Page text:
With their third release, I See You, The xx has expanded into a much more upbeat sound, thanks in part to the meteoric rise of one of its member’s, Jamie xx’s, solo career. The brains behind the group’s electronic instrumentation and production, Jamie broke free of the intimate limitations of his previous work with his 2015 debut, In Colour. That album featured an extensive use of samples, tropical house effects, and a guest appearance by Young Thug—far from the bedroom indietronica that had made The xx an unlikely success.
There’s no denying that I See You bears some of that influence. Opening with a blare of trumpets that would have been wholly out of place on their debut or Coexist, the album announces right away that it carries the same party-friendly sound of In Colour. Jamie xx’s beats are higher-reaching than ever, dominating tracks like “Say Something Loving” and “Brave For You.” Where once the band’s production was stark, samples now crop up here and there, filling the empty gaps in each song. In addition to that now-infamous Hall & Oates sample throughout “On Hold,” the album employs part of a David Lang choral piece and borrows a few piano keys from the ’70s pop-rock group the Alessi Brothers. There’s even a snippet of a Drake song, “Doing It Wrong,” on the bonus track, “Naïve.”
Still, the album never pulls entirely free of the band’s roots. Romy Madley Croft’s minimalist guitar work continues to weave and haunt its way through each song, most effectively on solo tracks like “Performance.” And there’s still that trademark xx echo, as though the album were recorded in a water-filled cavern. But what’s most remarkable about the record is that even when Jamie xx’s production gets especially adventurous, it only comes as a mild shock. The album may be more poppy, but it’s still undeniably a work by The xx.
This is due in no small part to the lyrics and vocals of Madley Croft and Oliver Sim. Here, there’s not so much interplay between the two as there is carefully traded-off introspection. Much like how Adele’s 21 parses through each emotional state of a breakup, I See You connects the dots between the initial heat and gradual loss of a relationship, but both Madley Croft and Sim seem to be on the same ends of their respective couplings.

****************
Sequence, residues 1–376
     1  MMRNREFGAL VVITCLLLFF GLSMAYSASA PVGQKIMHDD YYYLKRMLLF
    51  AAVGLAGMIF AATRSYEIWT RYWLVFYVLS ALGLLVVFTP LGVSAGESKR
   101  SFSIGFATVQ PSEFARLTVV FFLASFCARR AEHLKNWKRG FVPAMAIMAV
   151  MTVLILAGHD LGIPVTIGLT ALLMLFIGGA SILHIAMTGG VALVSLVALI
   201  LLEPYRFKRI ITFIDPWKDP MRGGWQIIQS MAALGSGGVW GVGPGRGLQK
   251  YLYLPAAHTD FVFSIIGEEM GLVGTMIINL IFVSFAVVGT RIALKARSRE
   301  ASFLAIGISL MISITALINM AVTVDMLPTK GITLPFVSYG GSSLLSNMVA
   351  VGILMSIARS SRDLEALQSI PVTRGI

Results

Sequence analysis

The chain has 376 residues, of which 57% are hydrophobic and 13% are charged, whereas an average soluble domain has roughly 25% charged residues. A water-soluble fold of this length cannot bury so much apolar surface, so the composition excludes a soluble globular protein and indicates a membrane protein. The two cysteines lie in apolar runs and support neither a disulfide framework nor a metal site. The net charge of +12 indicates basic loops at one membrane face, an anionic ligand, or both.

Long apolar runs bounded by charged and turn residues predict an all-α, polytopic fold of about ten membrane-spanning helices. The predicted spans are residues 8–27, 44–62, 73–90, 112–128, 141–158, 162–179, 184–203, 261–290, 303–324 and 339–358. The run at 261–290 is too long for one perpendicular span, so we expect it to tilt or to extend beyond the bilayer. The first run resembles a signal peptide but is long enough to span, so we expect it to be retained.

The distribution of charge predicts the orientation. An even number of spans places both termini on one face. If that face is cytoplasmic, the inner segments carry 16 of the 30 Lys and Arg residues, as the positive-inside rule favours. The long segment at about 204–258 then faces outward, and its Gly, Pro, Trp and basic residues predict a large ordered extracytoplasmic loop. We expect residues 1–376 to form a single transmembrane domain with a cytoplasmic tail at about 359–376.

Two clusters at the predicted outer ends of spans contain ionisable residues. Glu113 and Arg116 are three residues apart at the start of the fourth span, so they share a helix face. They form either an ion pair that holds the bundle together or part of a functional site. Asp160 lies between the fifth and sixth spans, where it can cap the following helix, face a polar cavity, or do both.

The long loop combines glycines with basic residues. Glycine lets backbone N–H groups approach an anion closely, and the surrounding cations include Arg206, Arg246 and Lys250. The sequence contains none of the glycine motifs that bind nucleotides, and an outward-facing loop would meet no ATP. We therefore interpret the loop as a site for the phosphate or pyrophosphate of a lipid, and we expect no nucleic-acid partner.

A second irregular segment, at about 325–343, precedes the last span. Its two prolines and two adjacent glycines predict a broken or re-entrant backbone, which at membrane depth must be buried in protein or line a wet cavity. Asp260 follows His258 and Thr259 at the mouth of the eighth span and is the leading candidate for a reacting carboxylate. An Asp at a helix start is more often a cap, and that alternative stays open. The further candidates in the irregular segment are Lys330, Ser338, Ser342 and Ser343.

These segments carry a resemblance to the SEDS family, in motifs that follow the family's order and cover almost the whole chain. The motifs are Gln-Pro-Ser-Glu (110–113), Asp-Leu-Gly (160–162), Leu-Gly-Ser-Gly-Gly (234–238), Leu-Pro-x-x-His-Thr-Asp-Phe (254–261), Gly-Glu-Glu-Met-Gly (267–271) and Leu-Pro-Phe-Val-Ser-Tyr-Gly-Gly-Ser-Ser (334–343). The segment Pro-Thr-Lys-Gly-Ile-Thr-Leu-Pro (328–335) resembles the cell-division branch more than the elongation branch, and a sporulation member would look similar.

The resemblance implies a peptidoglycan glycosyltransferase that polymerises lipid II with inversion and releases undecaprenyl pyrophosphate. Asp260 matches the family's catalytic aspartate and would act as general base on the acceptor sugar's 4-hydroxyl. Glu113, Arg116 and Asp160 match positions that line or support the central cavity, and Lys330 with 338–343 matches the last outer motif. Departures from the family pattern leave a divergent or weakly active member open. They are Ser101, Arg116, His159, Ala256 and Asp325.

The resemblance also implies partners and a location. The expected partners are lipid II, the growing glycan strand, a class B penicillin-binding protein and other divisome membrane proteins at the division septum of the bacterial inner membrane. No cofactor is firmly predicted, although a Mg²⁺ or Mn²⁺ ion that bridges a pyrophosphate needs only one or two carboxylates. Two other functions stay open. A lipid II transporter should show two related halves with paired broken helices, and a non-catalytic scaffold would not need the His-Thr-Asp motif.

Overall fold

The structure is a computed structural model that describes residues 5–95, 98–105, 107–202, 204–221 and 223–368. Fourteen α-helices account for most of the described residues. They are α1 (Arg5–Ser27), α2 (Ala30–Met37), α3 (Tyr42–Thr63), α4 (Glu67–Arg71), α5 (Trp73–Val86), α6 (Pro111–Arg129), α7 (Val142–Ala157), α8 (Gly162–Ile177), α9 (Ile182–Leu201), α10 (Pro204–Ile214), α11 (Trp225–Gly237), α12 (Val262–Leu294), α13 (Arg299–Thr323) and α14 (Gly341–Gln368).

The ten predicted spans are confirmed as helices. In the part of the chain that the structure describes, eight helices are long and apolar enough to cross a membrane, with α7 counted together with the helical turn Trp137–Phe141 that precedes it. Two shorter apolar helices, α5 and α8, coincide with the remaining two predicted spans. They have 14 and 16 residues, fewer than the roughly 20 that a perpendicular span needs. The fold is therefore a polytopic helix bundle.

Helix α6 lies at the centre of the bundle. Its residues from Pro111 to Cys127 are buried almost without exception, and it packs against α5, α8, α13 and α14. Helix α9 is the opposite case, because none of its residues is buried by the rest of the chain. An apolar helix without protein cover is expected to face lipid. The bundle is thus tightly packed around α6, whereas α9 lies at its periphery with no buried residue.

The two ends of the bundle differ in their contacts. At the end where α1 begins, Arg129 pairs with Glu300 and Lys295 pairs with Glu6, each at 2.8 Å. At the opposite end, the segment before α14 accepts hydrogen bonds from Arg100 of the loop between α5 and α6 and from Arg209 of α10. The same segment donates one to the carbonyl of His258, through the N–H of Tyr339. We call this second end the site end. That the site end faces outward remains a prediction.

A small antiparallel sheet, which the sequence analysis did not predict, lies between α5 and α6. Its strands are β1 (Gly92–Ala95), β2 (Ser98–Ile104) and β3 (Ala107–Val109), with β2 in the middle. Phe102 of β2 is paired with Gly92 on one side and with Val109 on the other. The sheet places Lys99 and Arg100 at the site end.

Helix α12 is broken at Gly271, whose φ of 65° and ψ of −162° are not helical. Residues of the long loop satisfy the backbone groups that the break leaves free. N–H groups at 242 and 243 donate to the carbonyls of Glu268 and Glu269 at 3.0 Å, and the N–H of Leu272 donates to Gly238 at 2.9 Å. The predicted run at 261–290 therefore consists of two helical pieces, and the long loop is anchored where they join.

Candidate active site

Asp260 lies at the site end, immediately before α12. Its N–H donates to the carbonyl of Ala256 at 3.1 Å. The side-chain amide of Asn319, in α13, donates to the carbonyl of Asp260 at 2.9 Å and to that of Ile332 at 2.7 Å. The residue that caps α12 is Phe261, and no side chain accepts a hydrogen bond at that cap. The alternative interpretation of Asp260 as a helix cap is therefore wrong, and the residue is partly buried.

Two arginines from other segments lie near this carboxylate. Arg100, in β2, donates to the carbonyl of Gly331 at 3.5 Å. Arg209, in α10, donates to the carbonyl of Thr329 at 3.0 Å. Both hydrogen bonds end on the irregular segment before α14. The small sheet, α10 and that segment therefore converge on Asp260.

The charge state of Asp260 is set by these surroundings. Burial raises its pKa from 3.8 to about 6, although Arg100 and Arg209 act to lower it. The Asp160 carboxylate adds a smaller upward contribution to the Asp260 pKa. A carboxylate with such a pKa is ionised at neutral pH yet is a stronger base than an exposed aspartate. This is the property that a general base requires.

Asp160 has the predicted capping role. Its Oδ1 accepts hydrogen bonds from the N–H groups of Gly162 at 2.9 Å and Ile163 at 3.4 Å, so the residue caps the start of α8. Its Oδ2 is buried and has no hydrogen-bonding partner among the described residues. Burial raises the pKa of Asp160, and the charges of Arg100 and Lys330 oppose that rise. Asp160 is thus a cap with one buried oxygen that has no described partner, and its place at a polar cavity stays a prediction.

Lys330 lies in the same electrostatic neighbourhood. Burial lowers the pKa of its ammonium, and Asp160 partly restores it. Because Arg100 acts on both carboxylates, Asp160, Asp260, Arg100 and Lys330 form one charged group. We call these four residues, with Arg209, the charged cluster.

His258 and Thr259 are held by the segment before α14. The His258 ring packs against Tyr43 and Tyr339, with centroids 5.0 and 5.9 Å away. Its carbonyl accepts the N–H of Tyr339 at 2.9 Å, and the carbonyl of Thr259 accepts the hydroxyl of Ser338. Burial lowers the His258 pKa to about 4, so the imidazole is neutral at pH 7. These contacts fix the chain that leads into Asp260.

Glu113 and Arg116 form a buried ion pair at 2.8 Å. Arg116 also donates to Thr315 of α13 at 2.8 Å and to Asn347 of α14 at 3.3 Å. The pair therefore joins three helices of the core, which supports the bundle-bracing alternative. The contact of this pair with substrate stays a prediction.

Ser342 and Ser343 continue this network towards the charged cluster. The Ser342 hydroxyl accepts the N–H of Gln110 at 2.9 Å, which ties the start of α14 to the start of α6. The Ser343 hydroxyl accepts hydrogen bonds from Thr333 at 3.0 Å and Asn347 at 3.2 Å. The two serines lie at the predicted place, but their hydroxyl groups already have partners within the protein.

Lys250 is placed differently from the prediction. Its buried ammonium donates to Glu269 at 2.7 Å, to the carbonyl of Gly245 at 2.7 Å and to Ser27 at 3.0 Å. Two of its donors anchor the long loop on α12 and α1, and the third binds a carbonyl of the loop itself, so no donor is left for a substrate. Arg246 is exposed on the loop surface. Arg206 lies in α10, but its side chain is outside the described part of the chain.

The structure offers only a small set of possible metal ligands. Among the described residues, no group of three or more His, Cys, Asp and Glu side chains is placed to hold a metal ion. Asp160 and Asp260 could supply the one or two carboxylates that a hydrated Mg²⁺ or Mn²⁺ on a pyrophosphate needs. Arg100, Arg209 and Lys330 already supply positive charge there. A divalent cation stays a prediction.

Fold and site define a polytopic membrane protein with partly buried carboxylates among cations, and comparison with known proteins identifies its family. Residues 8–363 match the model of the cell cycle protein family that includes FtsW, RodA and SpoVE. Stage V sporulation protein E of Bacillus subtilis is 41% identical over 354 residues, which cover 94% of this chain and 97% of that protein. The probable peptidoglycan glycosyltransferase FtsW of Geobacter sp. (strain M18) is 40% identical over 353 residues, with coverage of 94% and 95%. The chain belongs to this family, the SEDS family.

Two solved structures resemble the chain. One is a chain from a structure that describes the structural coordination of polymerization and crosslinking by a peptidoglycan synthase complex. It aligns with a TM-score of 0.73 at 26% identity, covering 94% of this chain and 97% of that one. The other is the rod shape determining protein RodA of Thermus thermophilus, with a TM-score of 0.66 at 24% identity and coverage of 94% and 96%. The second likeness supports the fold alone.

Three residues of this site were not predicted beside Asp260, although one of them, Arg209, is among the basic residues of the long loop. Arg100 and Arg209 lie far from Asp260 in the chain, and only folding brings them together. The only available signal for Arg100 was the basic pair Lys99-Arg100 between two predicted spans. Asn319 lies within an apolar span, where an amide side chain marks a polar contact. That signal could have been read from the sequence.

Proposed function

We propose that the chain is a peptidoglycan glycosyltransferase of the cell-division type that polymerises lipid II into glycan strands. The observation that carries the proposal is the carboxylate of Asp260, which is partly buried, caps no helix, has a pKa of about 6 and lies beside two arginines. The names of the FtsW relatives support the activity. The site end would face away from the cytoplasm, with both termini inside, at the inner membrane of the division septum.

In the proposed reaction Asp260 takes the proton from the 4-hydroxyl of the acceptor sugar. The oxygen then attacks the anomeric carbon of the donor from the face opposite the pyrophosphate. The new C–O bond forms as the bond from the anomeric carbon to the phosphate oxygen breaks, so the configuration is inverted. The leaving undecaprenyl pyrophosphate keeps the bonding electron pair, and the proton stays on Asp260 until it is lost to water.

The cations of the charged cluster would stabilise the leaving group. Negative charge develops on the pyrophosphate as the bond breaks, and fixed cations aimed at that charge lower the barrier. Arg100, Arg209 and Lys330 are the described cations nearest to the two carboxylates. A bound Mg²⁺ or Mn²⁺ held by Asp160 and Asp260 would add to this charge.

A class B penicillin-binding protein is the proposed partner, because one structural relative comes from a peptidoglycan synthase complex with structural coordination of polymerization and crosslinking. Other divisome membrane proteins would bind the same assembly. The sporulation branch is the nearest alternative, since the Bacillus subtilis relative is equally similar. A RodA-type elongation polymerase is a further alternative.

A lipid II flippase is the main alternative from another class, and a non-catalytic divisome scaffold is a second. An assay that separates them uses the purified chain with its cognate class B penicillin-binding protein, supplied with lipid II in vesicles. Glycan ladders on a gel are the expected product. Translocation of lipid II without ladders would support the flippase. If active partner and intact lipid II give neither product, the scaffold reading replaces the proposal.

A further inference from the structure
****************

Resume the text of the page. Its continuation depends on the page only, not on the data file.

“I’ve been a romantic for so long / all I’ve ever heard are love songs,” Madley Croft sings wistfully on “I Dare You.”
She then dives into a chorus that all but fully indulges in those love songs, a follow-up to The Cure’s “show me, show me, show me how you do that trick.”
Oddly enough, there’s one track on In Colour that seems to have served as a prototype to these themes of regret, of the fear of displaying vulnerability while being unable to hide it: “Loud Places,” which Madley Croft features on.
“Didn’t I take you to / higher places you / can’t reach without me?” she asks a previous lover, before the music soars into a sample of Idris Muhammad’s “Could Heaven Ever Be Like This.”
Romy wallows in gloriously melodramatic sadness, all while the recipient of her question goes out without her, conveying something of a mix between FOMO and heartbreak.
On I See You, it’s Sim who harbors similar insecurities. “Replica” contemplates the repetition of one’s identity and relationships, wondering where the line between destiny and agency falls in matters of mistakes.
“Do I chase the night or does the night chase me?” Sim sings.
On “A Violent Noise,” Sim frets over the same “loud places” that Jamie xx has made a career out of celebrating. Even on “Lips,” the most erotic track on the album, Sim says that he’s “working through the seasons” while “pressed up against the ceiling,” his mind somewhere else. That’s not to say, of course, that his bandmate doesn’t lay herself bare as well; “Performance” arguably serves as the emotional high point of the record and may be Madley Croft’s most vulnerable song to date.
I See You has The xx using each band member’s strengths to the fullest potential. In lesser hands, that could mean pulling the album apart into three separate objects, a fragmented showcase of three talented musicians rather than one exceptional group. But I See You avoids this by remaining at the emotional heart of what The xx has stood for all along, even as their sound treks into uncharted territory.
Both Madley Croft and Sim sing on “Dangerous,” “I couldn’t care less / if they call us reckless.”
For The xx, the risk they have taken more than pays off.